By Jim Schutze
By Rachel Watts
By Lauren Drewes Daniels
By Anna Merlan
By Lee Escobedo
"The Prodigal Son Returns," by Jim Schutze, January 8
Call Him Ishmael
It appears that Jim Schutze may be going a bit over the deep end on W's return to Dallas, like Wile E. Coyote chasing the Roadrunner. Jim, channel your good mother, breathe deeply and remember every mother's good advice: Everything will be OK.
If that doesn't work, then up your Prozac dosage. I can't bear the thought of Jim going full Ahab and nailing a gold doubloon to the wall in the Observer's editorial offices as the prize for the first crewmate, er, reporter, who spots the great white "W"(hale).
Bob Loftus, Dallas
It's good to see that they force former presidents to register with the authorities when they move into a neighborhood, much like they do for pedophiles. We need to know when criminals are in our midst. Hopefully, he will be forced to stay more than 500 feet away from everything he abused: schools, Iraqis, banks, large flood areas, the Constitution, people who work for a living, the environment, etc.
Edwin Mullins, Dallas
There's no doubt that Schutze's assessment of Bush as the worst president in history is accurate. And no, he's not going to look better in the future. I'm with the late George Carlin on the respect issue. Carlin argued that nobody is entitled to automatic respect; it has to be earned. It's the same for presidents. Bush earned our contempt as a despot and a liar.
A president takes an oath to preserve, protect and defend the Constitution of the United States, not to shred it into little pieces, light it on fire and then brag about it. As is typical of a tyrant, Mr. Bush claimed the right to do anything, without limitation, simply because he was president. And that's exactly what he did.
It's not hyperbole to say that President Bush and dozens of high-level administration officials intentionally committed war crimes, specifically authorizing and encouraging the torture of prisoners, most of whom had no connection with terrorism. Those crimes are well-documented by the distinguished British jurist Philippe Sands in his recent book Torture Team. No reasonable person can conclude otherwise.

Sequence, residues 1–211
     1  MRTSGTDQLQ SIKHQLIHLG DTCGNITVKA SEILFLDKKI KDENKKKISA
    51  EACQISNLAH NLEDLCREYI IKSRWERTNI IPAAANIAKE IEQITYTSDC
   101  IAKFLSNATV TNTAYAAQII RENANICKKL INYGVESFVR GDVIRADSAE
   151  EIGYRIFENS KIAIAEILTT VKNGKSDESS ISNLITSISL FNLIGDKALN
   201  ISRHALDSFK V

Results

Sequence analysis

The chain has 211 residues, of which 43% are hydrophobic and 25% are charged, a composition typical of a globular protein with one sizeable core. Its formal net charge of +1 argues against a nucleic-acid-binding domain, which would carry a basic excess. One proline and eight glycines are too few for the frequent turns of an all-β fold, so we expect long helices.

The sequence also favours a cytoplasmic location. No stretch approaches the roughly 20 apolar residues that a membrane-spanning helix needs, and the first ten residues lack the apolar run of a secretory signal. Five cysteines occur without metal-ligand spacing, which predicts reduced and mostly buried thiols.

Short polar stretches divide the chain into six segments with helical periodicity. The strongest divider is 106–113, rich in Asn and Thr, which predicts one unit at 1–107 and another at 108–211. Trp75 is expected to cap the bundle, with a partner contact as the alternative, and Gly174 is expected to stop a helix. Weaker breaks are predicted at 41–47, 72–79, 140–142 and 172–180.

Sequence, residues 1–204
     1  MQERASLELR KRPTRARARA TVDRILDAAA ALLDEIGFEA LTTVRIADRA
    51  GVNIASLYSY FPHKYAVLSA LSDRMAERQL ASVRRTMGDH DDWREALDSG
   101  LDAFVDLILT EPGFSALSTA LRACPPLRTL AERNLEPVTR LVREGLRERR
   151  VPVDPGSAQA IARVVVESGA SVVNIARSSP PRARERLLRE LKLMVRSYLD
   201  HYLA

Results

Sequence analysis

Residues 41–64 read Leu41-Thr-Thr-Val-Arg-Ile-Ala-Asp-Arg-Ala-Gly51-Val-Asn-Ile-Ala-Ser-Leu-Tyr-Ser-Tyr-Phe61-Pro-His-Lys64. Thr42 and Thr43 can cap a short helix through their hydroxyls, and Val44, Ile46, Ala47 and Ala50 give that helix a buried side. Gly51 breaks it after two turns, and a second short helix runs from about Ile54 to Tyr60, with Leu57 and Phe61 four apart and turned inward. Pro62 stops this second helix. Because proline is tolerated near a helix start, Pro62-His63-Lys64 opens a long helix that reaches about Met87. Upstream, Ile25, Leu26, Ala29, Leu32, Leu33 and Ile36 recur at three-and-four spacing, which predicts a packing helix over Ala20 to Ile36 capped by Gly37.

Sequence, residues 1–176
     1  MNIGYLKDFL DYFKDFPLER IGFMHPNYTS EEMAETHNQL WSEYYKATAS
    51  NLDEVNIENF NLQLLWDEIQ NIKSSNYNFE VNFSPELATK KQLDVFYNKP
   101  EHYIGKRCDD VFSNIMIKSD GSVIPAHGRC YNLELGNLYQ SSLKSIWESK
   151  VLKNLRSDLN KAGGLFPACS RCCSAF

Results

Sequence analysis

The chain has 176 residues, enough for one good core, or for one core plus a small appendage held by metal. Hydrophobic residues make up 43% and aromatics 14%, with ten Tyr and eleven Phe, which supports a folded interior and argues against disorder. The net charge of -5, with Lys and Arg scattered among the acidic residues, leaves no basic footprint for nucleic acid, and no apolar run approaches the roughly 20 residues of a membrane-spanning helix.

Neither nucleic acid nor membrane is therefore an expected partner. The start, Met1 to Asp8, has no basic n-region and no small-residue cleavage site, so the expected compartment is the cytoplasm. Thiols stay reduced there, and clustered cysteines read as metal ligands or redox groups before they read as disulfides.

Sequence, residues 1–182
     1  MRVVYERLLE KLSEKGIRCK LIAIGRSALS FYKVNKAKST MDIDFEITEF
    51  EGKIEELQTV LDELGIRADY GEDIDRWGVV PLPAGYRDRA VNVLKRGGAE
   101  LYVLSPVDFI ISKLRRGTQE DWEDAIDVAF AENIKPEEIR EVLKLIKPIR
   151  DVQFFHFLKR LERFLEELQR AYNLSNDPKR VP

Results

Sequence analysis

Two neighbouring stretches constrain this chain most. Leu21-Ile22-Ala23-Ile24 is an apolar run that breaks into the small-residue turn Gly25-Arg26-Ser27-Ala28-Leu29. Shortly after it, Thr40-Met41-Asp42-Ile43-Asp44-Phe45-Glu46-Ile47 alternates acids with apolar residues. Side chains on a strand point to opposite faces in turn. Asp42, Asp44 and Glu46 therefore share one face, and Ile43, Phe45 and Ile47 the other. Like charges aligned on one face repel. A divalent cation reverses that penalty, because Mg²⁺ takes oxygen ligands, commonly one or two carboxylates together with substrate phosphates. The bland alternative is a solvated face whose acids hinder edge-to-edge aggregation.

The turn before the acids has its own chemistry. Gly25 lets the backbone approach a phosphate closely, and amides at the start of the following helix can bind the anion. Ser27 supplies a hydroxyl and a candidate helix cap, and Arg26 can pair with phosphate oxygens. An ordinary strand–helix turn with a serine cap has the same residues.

Bush knowingly engaged in illegal felonious wiretapping, claimed the power in signing statements to ignore congressionally enacted law, tried to suppress science—specifically the science of climate change—he abetted industry in the destruction of our environment and flouted the rule of law. I'll tell you what I respect. I respect Mr. Bush's right to legal counsel and to stand trial along with the rest of the criminals in his administration before an international tribunal for war crimes.
William Winston Newbill, Dallas
Dear Jim Schutze: Let me say that I have always been an admirer of you. I enjoyed reading your columns. But I was totally shocked and dismayed by your "The Prodigal Son Returns." This piece on President Bush was so mean-spirited and nasty that you have completely destroyed my desire to read another word you print.
Your column is the quintessential example of what is wrong with America today. There is no civil discourse; different political opinion is not to be tolerated. I can only speak for myself, but while I did not vote for Obama and have basic philosophical differences with the liberal view, I would never put down such disgusting, unkind, hate-filled words to express my opinion about him or his political views.
Have you no regard for me, even if I am the only conservative that has ever read your column? I could not believe what I was reading. Every time a pundit, actor, comedian, former roommate or whoever, lets loose with vitriolic speech or comment, I cringe because they are attacking me. I would be happy to participate in respectful dialogue, but nasty attack is wrong, wrong, wrong. And the length to which it has gone is scary. It frightens me to contemplate what would have happened if Obama had lost the election. With such vitriol, the people might have gone farther than just speech to express dissatisfaction.
President Bush has been a particular model of graciousness. But you wonder, in print, how you can show your disgust and rally others to do the same.
Shame on you.
Joan Bowman, Dallas